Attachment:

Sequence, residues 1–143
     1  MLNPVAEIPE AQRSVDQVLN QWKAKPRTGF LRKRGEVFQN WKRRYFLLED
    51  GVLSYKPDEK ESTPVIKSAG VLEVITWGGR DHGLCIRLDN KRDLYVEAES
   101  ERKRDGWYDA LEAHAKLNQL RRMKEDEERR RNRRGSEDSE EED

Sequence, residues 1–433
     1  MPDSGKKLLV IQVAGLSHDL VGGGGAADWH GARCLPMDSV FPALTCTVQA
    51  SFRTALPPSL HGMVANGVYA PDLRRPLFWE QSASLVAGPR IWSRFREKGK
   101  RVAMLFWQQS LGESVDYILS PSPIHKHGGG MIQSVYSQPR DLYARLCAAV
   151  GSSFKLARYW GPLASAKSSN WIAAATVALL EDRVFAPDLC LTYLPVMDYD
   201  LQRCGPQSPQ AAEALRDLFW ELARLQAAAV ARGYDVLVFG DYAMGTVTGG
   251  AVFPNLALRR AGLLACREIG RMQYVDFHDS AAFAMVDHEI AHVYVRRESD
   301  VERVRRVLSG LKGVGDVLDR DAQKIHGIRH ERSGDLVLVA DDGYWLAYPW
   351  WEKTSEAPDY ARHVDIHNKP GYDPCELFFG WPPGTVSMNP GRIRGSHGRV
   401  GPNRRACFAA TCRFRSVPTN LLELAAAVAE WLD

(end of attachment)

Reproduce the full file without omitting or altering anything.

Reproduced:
Sequence, residues 1–143
     1  MLNPVAEIPE AQRSVDQVLN QWKAKPRTGF LRKRGEVFQN WKRRYFLLED
    51  GVLSYKPDEK ESTPVIKSAG VLEVITWGGR DHGLCIRLDN KRDLYVEAES
   101  ERKRDGWYDA LEAHAKLNQL RRMKEDEERR RNRRGSEDSE EED

Sequence, residues 1–433
     1  MPDSGKKLLV IQVAGLSHDL VGGGGAADWH GARCLPMDSV FPALTCTVQA
    51  SFRTALPPSL HGMVANGVYA PDLRRPLFWE QSASLVAGPR IWSRFREKGK
   101  RVAMLFWQQS LGESVDYILS PSPIHKHGGG MIQSVYSQPR DLYARLCAAV
   151  GSSFKLARYW GPLASAKSSN WIAAATVALL EDRVFAPDLC LTYLPVMDYD
   201  LQRCGPQSPQ AAEALRDLFW ELARLQAAAV ARGYDVLVFG DYAMGTVTGG
   251  AVFPNLALRR AGLLACREIG RMQYVDFHDS AAFAMVDHEI AHVYVRRESD
   301  VERVRRVLSG LKGVGDVLDR DAQKIHGIRH ERSGDLVLVA DDGYWLAYPW
   351  WEKTSEAPDY ARHVDIHNKP GYDPCELFFG WPPGTVSMNP GRIRGSHGRV
   401  GPNRRACFAA TCRFRSVPTN LLELAAAVAE WLD